By Gay For Johnny Depp
Gay For Johnny Depp's 'Manthology' is a career-spanning retrospective to put all other retrospectives to shame: a whopping thirty-one track roundup of the band's entire recorded output to date. Not only does the tracklisting include their debut full length, but also their two previous EPs; their brand new EP; songs from a super-rare tour single, of which only 100 copies were ever made; and a version of their 'Shh, Put The Shiv To My Throat' single remixed by Blacksmoke. While retrospectives will always have a whiff of 'cash in' about them, the rarity of much of the material on offer here, plus the new songs, means that 'Manthology' offers a way for Gay For Johnny Depp fans to complete their collection, without having to hunt for rare CDs on Ebay.
Gay For Johnny Depp have found their niche churning out two minute blasts of abrasive noise, coupled with lyrics that detail a homoerotic fixation with the actor Johnny Depp, in pantomime-crude terms. The effect is a rip-roaring hardcore racket that'll hit the spot with fans of extreme hardcore - and then have them doing a double-take when the lyrics start to sink in. Those with a crude or controversial sense of humour, will enjoy this just as much as those with a penchant for hardcore, although you have to wonder whether Gay For Johnny Depp can forge a lasting career, once the shock value begins to wear off.
First up in the tracklisting is Gay For Johnny Depp's undoubted highpoint: their twelve track debut album 'Politics Of Cruelty,' where the band are perfectly poised between the raw sprawl of old, and the tamed coherence of their latest EP.
The highlight of 'Politics of Cruelty' is 'Lights Out!' Here, glimmery passages and melodic vocals, courtesy of secondary vocalist Sid Jagger (real name Joseph Grillo), sit uneasily next to terrifying hardcore seizures that resemble The Ghost Of A Thousand at their most confrontational - and then some. Gay For Johnny Depp have an unnerving talent for stopping a hairsbreadth short of alienating the listener. Also included for your delight, is the original version of 'Lights Out!' Even without the help of studio finish, it's still a great song.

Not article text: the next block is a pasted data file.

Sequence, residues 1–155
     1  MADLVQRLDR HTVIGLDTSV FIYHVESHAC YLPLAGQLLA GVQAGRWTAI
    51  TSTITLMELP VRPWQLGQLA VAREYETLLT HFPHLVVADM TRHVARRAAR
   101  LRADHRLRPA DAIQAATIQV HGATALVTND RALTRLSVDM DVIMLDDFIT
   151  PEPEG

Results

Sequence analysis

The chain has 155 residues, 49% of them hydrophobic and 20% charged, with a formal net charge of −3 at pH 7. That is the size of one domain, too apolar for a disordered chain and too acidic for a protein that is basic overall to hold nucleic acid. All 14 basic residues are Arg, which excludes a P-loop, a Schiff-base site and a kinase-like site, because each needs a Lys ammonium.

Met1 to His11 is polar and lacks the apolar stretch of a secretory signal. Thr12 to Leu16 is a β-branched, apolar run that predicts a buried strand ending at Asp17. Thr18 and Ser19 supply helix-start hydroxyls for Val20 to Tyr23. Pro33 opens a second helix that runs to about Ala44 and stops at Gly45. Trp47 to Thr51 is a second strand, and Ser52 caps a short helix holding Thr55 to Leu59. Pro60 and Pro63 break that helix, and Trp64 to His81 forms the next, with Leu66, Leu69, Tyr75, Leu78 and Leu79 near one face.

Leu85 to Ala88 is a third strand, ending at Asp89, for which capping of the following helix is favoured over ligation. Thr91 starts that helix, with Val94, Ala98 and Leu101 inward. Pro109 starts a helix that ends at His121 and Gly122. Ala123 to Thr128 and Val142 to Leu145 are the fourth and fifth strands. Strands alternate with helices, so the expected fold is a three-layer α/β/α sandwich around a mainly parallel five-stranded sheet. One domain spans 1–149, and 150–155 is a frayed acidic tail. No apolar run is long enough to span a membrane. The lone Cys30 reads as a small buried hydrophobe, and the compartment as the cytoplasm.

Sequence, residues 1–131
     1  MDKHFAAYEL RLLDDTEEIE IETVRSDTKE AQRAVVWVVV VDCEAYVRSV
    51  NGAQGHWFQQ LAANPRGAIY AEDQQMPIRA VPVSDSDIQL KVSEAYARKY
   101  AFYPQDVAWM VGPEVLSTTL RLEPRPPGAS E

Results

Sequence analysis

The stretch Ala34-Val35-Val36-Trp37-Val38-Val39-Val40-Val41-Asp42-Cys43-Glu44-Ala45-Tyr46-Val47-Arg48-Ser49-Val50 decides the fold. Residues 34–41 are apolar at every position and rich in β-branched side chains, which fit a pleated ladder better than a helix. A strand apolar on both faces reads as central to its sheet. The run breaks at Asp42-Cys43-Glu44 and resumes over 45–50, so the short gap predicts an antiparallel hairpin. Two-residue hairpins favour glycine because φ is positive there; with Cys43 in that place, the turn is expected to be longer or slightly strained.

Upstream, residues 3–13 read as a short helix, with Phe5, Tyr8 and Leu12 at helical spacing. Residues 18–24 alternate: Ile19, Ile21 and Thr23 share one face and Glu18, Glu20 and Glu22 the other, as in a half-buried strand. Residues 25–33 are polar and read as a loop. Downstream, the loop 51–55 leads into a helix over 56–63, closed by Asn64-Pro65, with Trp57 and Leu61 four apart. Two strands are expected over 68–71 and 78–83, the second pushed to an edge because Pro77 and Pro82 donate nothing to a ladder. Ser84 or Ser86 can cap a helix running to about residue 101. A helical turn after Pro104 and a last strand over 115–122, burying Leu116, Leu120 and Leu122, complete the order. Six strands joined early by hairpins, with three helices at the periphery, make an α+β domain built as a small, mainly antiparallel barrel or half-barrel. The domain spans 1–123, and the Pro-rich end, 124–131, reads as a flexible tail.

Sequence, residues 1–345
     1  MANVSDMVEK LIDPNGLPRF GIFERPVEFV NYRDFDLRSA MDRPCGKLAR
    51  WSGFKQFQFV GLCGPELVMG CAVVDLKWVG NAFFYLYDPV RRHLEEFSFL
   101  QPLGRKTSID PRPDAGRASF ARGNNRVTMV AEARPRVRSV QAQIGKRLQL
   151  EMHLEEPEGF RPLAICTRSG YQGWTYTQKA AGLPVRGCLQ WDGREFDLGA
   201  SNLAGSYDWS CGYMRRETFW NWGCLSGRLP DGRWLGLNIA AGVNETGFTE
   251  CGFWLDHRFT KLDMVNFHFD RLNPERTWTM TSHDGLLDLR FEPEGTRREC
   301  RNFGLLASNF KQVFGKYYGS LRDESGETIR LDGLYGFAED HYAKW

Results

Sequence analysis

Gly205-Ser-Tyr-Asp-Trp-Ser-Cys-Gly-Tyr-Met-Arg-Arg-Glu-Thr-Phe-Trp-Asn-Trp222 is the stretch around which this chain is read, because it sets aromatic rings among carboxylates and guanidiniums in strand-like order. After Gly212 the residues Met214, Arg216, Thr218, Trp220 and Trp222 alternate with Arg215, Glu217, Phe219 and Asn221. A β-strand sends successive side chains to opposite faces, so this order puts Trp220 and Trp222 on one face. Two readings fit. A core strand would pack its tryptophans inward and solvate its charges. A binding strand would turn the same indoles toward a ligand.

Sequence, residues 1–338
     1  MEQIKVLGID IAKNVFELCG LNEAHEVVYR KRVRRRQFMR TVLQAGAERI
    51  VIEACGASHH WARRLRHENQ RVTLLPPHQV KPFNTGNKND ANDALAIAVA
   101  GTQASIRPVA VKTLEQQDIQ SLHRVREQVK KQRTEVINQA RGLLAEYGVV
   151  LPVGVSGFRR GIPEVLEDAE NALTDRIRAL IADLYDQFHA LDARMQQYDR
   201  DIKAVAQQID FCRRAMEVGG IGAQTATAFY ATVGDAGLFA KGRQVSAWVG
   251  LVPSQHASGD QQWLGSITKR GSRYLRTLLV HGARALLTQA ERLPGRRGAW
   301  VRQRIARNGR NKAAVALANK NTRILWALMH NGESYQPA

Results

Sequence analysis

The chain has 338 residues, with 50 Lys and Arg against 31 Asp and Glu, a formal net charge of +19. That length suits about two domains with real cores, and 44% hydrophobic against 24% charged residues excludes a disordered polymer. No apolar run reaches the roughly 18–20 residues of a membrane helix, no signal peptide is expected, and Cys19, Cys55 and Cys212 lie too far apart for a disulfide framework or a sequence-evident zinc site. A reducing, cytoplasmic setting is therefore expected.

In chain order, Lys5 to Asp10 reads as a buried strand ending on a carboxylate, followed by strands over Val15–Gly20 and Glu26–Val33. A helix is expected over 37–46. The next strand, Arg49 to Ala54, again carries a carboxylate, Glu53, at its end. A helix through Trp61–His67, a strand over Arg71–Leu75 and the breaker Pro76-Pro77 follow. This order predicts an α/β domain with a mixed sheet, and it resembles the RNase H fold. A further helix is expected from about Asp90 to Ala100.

Battling with 'Lights Out!' for the title of 'Politics Of Cruelty' highlight, is 'Juicy's Last $ (Point The Finger).' It's experimental hardcore-metal that's perfectly, instantly accessible, thanks to a unifying bass line and a smattering of hooky, fluttery guitars and "p-p-p-point the finger" vocals. And the hooks continue to come thick and fast with bristling hardcore-punk anthem 'To The Alcoholics: Life Is Depressing.' Shrieky chords and a tight, quivery bass line make for a vengeful racket, with razor-sharp hooks to boot.
Even when Gay For Johnny Depp aren't spiking their thoroughly unpleasant hardcore with sleek and shiny hooks, they still keep things tight with unifying bass grooves and a hard-rock swagger. This is the case with 'Cumpassion' and 'You Have A Theory, I Have A Gun.'
Less immediate cuts are 'Very Little Good Happens Between 3 And 4 am' and 'Delirium Approached (Slut Dust).' The former is the most difficult to get to grips with, hurtling along on supercharged military drumbeats, while frontman and chief-screamer Marty Leopard shrieks himself hoarse. One strictly for extreme hardcore fanatics. Next to 'Very Little Good...' the abrasive chaos of 'Delirium Approached (Slut Dust)' feels almost accessible, thanks to flashes of secondary clean vocals, which give the listener a route into Gay For Johnny Depp's madness.
Just when you thought you had Gay For Johnny Depp pegged as vocalists, they unleash the deranged falsetto of 'Belief In God Is So Adorable.' A vocal with a manic gleam in its eye and a debt to pay to horror movies, and a song to make your flesh crawl.